Pennsylvania was the first to agree to gradual abolition during the Revolution. First, the Executive Council suggested to the Assembly in 1778 that they stop further importation of slaves as a first step towards emancipation. An initial emancipation bill, framed that year, called for the children of slaves born after the effective date to be freed after serving 18 years for females and 21 years for males. It also ordered slaves arriving with new residents of the state freed within six months, although they could be indentured until the age of 28 for minors or for four years for adults. Passage of the law was delayed due to the war but the ideas were reinforced in 1779 when the Council declared that slavery was incongruent with the goals of the Revolution and a disgrace to a people who were then fighting for the cause of liberty. When the state returned to the abolition bill they revised it so that all children under the bill would serve until the age of twenty-eight. While this extended the time in bondage, there were two important concessions made for the African-American community. The bill dropped a provision that would have bound out freed blacks if they could not maintain themselves and also dropped a ban on interracial marriage. This law was passed in 1780; it did not free any slave born before that year and the first emancipation under the law would not happen until 1808. In hindsight, the Pennsylvania law was actually the most restrictive of the five gradual abolition laws passed in northern states. With its provisions for 28 years in bondage, the law gave a two generation grace period for slavery to die out. Total abolition did not happen in Pennsylvania until 1847. However, it was the first gradual emancipation law passed, it served as a base for neighboring states to take similar steps, and at the time it was heralded as revolutionary.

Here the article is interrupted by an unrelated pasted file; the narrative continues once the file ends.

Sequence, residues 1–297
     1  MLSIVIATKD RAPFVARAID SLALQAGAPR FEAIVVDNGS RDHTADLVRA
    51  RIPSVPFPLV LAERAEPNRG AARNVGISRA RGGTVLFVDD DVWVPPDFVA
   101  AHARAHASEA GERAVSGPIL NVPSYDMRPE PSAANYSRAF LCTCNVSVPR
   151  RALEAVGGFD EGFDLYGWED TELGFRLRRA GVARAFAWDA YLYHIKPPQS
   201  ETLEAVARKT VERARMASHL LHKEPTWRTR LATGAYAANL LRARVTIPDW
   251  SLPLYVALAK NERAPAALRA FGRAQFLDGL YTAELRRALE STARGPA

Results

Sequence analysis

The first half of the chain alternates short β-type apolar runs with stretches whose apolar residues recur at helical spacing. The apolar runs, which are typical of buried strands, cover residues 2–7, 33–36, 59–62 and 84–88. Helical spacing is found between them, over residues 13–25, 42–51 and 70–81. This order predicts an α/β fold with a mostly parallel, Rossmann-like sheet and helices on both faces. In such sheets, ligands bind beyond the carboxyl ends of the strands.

By 1785 these varied measures ended the natural increase of slaves in New England, but did not immediately stop the institution. Over the next decade or so, these states would pass more bills ending participation in the slave trade, outlawing the sale of slaves outside the state, repealing slave codes, or adjusting the ages in gradual emancipation bills, but this did not necessarily legislate the immediate end of slavery. Slaves continued to be counted on the federal census in New England until 1840, and Joanna Melish suggests in her work that even when no slaves were reported some may have existed in the state. Even after slavery apparently was gone in New England states, the debate continued. Rhode Island and Connecticut passed bills banning slavery in 1843 and 1848, respectively, and New Hampshire passed a final abolition bill in 1857.